Interrupting your feel will help your game.

What this means is changing something small in order to get you out of a feel rut when you are struggling. All of the following can be done for a round or two and then go back to your norm. The change in feel can help you if parts or all of your game are a little stale or if it is just terrible for no apparent reason.

Remember, only for a round or two, unless the change is a consistent improvement.

1. Change your putter. One that is balanced and feels completely different than the one you use now. Don’t buy a new one, just borrow one if you don’t have another…but I am sure most of you own at least 5 putters. 🙂

2. Change the club you hit different chips with. Instead of an L wedge out of the sand, use a sand wedge. Instead of hitting a bump and run with a 7 iron, use an 8 or 6.

3. Tee off with three wood or a hyrbid and leave the driver in the bag.

4. Change the side of the tee box you normally play from.

5. If you work the ball often, reverse the shot you would normally hit. In other words, if you think you want to hit a draw, hit a fade instead and vice versa…and do it on every shot.

6. Change your style. If you are aggressive, play very conservatively. Lay up on par 5’s, tee off to the fat part of the fairway, play for the middle of the green, lag all of your putts outside 10 feet and when in trouble, chip out.

If your are conservative, go for it, even to the point of being stupid. Ram those short putts. Go for the green when you think there is very little chance of pulling it off.

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I am sure you all can increase this list to 20 or 30 more ideas, but you get the gist. Here is what the insanity I have listed above accomplishes. Most of you have seen Tin Cup. This is like the scene at the US Open when McCivoy has the shanks on the range. Romeo tells him to turn his visor around, empty his pocket and put the stuff in the other pocket and put a tee behind his ear.

We all think too much and it screws our game up. Every once in a while we need a break for a few rounds and mixing things up and taking ourselves out of our comfort zones can help clear our minds.

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8 Comments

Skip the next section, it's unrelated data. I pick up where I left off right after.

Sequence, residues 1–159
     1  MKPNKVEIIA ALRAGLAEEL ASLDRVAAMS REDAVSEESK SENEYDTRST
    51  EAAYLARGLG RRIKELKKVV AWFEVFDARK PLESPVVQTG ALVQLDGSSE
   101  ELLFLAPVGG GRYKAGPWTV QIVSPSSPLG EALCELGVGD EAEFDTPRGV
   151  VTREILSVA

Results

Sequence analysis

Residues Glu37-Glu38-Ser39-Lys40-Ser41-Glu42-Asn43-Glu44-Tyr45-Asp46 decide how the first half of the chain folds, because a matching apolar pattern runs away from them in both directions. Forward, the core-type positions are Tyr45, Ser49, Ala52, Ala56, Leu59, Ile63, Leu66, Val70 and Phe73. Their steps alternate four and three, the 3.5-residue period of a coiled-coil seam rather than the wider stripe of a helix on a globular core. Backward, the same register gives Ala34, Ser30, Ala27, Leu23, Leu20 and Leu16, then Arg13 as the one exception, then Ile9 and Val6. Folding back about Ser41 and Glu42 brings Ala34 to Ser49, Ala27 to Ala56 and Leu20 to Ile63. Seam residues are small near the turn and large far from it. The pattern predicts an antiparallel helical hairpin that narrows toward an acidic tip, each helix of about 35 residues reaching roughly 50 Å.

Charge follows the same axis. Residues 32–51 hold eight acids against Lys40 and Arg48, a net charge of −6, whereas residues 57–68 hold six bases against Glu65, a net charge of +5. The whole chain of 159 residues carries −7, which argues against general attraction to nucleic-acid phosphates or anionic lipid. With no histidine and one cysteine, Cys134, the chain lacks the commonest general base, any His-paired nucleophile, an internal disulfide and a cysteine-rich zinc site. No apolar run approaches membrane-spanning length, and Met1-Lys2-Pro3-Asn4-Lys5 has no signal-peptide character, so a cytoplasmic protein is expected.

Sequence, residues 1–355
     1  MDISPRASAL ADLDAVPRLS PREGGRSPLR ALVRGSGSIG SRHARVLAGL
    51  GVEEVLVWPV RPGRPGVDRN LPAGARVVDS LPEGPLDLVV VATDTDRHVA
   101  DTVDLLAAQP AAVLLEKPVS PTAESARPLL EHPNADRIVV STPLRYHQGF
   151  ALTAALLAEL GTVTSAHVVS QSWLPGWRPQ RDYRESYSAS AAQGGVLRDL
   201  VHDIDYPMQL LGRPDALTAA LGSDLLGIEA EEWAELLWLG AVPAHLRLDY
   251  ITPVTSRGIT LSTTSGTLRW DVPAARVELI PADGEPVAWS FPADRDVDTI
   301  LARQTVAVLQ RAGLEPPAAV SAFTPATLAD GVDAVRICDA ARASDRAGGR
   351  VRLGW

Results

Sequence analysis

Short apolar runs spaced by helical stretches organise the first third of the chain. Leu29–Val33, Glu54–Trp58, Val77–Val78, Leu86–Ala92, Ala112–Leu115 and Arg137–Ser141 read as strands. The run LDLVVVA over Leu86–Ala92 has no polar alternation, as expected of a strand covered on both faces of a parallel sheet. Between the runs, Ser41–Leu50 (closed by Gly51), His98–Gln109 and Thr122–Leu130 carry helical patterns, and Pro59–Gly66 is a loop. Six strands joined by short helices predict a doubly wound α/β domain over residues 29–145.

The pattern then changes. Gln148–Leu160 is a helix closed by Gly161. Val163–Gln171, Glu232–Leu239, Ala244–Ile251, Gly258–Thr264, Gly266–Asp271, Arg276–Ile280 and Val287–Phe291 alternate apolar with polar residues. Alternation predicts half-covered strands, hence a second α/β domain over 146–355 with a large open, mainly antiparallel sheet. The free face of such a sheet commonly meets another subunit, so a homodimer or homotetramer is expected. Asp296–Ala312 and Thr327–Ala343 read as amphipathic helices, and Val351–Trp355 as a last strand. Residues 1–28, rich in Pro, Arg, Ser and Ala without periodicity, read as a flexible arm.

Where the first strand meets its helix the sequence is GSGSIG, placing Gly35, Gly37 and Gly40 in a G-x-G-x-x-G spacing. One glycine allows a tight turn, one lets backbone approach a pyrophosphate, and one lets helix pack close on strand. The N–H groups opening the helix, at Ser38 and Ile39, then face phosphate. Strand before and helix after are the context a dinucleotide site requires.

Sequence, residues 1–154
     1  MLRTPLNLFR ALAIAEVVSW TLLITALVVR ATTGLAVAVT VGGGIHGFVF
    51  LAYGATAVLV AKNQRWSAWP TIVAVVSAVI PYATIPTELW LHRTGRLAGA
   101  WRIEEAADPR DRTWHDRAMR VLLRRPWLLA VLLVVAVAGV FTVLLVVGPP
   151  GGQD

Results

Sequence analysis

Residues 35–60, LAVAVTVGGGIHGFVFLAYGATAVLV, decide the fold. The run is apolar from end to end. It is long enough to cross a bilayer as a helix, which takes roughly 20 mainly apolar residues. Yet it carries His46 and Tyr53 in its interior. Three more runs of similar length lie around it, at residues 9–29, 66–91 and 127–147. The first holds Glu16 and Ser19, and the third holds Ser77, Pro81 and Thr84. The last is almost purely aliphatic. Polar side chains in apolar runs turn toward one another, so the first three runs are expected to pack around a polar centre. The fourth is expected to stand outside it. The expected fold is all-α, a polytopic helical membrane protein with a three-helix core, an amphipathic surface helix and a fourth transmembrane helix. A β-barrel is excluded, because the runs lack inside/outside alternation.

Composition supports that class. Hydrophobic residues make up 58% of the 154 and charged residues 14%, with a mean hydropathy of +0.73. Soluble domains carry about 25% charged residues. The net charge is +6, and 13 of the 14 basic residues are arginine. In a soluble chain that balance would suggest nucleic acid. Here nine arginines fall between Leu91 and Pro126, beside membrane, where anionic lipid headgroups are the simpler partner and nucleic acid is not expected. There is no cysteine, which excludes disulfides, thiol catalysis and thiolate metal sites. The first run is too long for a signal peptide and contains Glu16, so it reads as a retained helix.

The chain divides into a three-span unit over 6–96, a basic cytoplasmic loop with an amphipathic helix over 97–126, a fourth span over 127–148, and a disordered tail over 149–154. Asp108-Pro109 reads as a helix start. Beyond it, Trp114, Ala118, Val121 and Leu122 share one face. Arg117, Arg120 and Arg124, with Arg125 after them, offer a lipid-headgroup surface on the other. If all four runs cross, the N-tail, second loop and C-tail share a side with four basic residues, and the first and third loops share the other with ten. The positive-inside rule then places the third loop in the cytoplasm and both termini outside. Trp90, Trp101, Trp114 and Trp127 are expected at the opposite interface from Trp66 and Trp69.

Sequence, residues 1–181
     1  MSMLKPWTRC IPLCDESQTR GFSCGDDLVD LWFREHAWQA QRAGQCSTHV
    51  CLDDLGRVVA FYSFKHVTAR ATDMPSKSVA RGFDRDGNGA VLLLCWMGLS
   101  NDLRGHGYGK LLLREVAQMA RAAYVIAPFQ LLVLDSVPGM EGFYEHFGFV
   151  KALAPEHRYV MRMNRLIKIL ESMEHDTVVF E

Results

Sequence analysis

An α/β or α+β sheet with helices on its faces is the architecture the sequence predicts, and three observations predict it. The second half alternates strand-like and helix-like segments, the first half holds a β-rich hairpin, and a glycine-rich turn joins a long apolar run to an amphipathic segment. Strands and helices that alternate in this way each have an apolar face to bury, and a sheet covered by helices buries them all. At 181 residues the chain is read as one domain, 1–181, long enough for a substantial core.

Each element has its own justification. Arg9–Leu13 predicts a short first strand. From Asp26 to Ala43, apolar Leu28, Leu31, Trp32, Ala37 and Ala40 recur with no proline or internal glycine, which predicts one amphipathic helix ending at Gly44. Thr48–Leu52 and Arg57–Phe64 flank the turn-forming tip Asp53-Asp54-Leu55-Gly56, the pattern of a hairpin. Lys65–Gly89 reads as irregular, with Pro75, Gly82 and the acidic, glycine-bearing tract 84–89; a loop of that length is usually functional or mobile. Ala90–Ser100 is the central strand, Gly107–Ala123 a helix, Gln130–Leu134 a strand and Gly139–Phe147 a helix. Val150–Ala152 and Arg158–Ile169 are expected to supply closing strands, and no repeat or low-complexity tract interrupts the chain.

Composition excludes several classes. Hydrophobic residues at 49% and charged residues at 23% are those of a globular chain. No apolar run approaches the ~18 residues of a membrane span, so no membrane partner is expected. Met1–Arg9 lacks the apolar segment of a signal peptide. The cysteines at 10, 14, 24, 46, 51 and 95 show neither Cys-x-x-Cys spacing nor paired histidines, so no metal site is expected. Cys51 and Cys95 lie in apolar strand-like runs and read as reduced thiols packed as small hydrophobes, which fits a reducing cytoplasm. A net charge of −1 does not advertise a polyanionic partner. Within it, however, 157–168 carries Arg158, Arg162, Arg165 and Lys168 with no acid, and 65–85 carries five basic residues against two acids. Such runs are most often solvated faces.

1. Smegmitis

    Dude, the only thing that I would add more of would be current topics that create drama in the world of pro golf. ie, Tom Watson at the British.
    I wouldn’t be afraid to blast John Daly, Tiger for ignoring his caddie at the British when he sent one right of Hooper, Padraig trying to fiddle with his move etc.
    Drama sells period. As Norman Mailer put it, he speaks in the hyperbole…. you are the master of the hyperbole.
    Use the ‘human element’ of – what are these ‘ducks’ thinking?- then apply that to your own thoughts and methodologies, rants etc.
    Nobody wants to be blasted by a pent up arrogant dildo but people love to know what others are thinking. I would red-line at the onset then back off and let the reader decide to join in. Hopefully you can stir up enough so that people are passionate on both sides of the argument.

    Reply
    • Matt

      Huh?

      Reply
  2. Matt

    Can’t figure out what the last guy was saying but keep at it Monte. Changing things up is a good idea and will help get people out of a rut.

    Reply
  3. Tony Kim

    Smegmitis, lol. Nice handle.

    Sometimes my game improves when I switch from swing A to swing B, or from swing C to swing D. I have about ten of these different kinds of swings…thanks to all the tinkering I do. When you see me on the range, I’m sure the differences are hardly discernible, but in my mind…the swing thoughts are completely different… i.e., load up on the right side ala Jimmy Ballard style, vs. keep head still, etc.

    Reply
    • Monte Scheinblum

      Actually what you are probably doing is going from band aid A to band aid B and so on. 🙂

      Reply
      • Tony Kim

        Yeah, I think you’re right…because the improvement is only temporary. I go back to my blocked shots/duck hooks sooner or later after switching.

        Reply
        • Monte Scheinblum

          If you suffer from both blocks and duck hooks that is a club underneath the plane and an open club face. You either continue down that line and block it, or shut things down and flip it left.

          You need to start releasing it sooner and that that will get the club back on top and square. A pull is over the top. A duck hook is underneath and flipped.

          When I say release, I mean rotation, not a throw.

          Reply
  4. geoff duncan

    Pretty good advice. I was having putting problems so I tried it out. I use a Newport and follow Utley. I switched to a face balanced Oddesy and started taking the putter straighter back. When I went back to the Newport I started making a lot of putts. I think I was taking it too far inside and a little shakeup worked well. Thanks.

    Reply

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